It looks like we have repealed at least part of the law of supply and demand.

Lessening of demand is supposed to cause a drop in the price of goods sold.

Not so with gasoline.

Our weak economy, ethanol usage and an increase in fuel-efficient vehicles on our roads has resulted in a reduction of 2.5 percent in the demand for gasoline during 2011.

Compared to one year ago today, the national average price per gallon of gasoline has increased 34.8 cents per gallon, or 10.8 percent.

Reduced demand is coupled with increased prices while at the same time, the United States has become a net exporter of gasoline, diesel and jet fuel.

If refining is producing more gasoline than is being consumed, perhaps the answer to increased price at the pump must lie in the price of crude oil, and it does.

But looking at the current world supply of crude, there is a second paradox.

There is no shortage of crude oil, yet the price of crude is again hovering around $100 per barrel, up from $26 per barrel as little as 10 years ago.

Despite all the publicity about the growth of the Chinese economy, there has not been a four-fold increase in the global demand for crude oil during this time.

What has changed since 2000 is the way crude oil futures contracts are traded.

Futures contracts, the ability to buy goods for delivery at a later date for a price fixed today, have been in place for many years.

This allowed commercial consumers of a given commodity to plan ahead, knowing what that commodity will cost their business in the future.

Investors were allowed to purchase a limited amount of futures contracts to have supply available to consumers who found a greater-than-planned need for the commodity.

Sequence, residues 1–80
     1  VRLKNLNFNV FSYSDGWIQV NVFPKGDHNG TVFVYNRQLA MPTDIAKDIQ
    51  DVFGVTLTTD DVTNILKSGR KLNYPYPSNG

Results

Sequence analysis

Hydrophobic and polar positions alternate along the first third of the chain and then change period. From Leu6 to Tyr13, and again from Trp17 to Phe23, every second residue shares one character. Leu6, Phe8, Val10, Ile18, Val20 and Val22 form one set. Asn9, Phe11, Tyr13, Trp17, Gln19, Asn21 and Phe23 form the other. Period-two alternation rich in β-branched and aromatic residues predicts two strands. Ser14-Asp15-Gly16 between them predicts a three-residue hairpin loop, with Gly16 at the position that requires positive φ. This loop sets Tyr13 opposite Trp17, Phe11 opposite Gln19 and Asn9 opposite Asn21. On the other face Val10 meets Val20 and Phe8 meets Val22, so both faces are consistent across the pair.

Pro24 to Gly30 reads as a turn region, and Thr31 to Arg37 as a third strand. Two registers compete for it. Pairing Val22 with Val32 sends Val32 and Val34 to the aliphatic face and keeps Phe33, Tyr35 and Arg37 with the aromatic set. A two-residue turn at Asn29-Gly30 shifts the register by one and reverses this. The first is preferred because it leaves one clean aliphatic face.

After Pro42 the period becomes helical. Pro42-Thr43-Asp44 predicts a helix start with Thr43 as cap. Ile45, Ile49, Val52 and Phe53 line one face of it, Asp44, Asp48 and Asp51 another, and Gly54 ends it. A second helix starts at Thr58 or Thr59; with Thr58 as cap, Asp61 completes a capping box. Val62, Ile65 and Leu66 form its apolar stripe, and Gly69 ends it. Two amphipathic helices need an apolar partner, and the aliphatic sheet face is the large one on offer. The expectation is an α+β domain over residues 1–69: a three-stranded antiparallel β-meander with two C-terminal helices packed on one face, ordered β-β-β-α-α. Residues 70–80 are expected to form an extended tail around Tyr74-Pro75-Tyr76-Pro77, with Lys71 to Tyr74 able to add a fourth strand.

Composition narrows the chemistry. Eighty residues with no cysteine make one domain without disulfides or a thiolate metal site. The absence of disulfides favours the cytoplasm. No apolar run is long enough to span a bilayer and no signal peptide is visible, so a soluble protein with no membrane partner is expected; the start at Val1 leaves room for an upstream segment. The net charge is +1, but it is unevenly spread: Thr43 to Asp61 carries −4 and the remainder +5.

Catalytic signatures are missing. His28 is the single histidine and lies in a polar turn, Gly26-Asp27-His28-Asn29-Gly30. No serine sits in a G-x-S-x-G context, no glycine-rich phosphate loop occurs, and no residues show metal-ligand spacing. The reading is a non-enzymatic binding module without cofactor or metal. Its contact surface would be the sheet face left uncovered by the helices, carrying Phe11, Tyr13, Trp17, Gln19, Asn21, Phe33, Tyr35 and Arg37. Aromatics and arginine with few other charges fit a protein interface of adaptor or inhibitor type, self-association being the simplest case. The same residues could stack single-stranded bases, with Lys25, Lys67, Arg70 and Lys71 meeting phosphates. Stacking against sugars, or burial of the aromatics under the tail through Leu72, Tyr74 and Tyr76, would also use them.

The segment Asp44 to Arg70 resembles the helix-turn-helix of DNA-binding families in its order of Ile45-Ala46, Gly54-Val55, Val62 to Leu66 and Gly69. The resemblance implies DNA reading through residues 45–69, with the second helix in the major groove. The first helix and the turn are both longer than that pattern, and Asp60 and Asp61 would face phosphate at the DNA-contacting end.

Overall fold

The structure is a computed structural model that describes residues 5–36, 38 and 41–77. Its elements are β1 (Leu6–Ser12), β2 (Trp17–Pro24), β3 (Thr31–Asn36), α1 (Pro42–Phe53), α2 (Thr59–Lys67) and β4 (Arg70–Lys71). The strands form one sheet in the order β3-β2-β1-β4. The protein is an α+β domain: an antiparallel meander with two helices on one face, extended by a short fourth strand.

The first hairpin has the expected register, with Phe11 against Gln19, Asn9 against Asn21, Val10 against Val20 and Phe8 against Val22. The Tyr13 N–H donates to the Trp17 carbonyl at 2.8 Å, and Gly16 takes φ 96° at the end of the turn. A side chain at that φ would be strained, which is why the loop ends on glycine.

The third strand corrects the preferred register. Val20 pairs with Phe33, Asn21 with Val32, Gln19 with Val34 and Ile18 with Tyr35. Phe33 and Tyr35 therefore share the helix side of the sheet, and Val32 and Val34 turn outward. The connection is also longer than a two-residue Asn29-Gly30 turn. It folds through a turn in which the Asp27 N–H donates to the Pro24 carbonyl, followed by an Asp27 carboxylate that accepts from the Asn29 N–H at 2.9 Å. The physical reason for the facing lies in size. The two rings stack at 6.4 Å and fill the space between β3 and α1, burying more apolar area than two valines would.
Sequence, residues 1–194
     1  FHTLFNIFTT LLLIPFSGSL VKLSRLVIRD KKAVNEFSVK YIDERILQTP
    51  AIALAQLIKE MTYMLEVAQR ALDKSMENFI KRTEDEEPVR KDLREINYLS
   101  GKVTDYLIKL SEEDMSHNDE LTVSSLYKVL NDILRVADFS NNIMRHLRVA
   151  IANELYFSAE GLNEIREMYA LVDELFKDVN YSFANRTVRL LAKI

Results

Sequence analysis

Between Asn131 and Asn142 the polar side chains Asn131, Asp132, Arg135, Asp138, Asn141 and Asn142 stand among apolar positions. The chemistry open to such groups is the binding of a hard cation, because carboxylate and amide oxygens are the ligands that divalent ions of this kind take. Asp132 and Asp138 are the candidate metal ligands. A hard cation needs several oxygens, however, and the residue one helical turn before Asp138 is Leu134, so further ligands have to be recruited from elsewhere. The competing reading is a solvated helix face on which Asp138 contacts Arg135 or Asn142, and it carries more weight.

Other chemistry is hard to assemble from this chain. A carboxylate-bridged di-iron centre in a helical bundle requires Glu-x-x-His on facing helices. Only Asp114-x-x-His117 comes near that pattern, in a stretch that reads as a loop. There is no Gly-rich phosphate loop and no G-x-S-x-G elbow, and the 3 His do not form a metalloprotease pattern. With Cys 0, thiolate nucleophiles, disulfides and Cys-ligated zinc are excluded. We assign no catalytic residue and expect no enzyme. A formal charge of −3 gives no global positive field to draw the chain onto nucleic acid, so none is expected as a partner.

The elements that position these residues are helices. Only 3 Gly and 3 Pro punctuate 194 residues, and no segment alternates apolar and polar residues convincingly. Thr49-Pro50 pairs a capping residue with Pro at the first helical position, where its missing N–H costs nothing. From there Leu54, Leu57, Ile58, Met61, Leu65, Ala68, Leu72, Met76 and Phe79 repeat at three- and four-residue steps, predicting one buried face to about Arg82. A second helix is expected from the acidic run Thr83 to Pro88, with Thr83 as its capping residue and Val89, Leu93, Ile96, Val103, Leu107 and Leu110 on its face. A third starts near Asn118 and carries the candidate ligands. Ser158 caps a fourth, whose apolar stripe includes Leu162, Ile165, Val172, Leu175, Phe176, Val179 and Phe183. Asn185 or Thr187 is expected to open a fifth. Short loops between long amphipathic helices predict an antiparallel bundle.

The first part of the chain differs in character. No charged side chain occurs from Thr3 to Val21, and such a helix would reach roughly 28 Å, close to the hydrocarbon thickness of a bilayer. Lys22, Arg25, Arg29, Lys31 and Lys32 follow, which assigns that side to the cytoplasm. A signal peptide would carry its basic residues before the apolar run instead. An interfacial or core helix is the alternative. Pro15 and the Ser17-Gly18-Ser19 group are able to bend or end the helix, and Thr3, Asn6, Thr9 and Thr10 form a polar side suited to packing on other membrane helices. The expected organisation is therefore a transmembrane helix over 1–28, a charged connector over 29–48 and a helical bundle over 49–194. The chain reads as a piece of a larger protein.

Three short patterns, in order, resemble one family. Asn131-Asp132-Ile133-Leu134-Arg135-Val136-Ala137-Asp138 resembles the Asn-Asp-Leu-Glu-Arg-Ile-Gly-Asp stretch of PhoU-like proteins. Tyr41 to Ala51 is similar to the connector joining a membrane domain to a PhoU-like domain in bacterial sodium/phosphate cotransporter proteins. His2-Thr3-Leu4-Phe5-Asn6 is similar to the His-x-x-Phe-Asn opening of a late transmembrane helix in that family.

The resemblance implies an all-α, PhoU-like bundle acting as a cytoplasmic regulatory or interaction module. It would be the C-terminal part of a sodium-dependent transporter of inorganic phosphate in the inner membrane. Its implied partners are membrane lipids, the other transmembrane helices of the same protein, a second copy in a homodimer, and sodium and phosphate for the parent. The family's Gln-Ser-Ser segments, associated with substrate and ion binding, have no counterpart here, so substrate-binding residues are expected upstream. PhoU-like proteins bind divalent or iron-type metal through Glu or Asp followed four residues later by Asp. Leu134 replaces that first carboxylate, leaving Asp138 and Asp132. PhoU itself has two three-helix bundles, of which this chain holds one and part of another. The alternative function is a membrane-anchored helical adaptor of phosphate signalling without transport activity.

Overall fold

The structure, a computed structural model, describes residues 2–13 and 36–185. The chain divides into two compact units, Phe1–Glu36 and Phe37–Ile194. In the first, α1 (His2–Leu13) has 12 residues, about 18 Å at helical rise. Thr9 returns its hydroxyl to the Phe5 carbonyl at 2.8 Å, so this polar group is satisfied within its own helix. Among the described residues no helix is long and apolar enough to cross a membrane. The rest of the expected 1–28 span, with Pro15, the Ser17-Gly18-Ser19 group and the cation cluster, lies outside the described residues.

Crude oil was considered a strategic commodity due to the damage runaway pricing could inflict on the U.S. and global economy.

Thus, futures contracts were tightly regulated until Congress decided to let the big hedge funds and investment banks wreak havoc in the name of modernization.

The Commodities Modernization Act of 2000 allowed unregulated speculation in oil futures.

Before long, despite ample supply, the price of crude oil soared, as up to 60 to 70 percent of futures contracts traded were bought and sold by investors who never intended to take delivery of the contracts they owned.

With this much crude “off the market,” actual consumers were dragged along and had no recourse but to pay artificially high prices for crude and to pass along those higher costs to the public by way of increased prices for refined products such as gasoline, diesel and jet fuel.

Welcome to the world of high prices at the pump as a direct result of high returns on crude oil speculation.

Billions of dollars of added cost are being tacked on to practically everything that we consume.

According to OPEC, at least $30 to $40 per barrel of the cost of crude is caused by speculation.

If, in direct proportion, this would translate to a savings of $1.41 per gallon of gasoline it would bring the national average down to $2.11 per gallon.

The truth is we are being had and it is not all the oil industry’s fault.

Are they taking advantage of the situation to earn record profits?

Of course they are.

Corporations are duty bound to maximize returns to their investors.

But they are only playing the game according to the rules set forth by Congress.

Congress knows what it has done and does not have the courage to undo it.

This glaring concession to the financial industry could be reversed by a bill to overturn H.R. 5660, and return to restrictions on over-the-counter derivative transactions that kept a check on crude oil prices from 1936 to 2000.

We can legislate the way to lower gas prices faster than by any other means.

Unfortunately, while there is a way there is no will.

Acceptance of campaign contributions from the financial sector overcomes the duty of Congress to pass legislation that curtails their speculative activity in energy markets for the betterment of our economy and national security. 

- Special to the Press Herald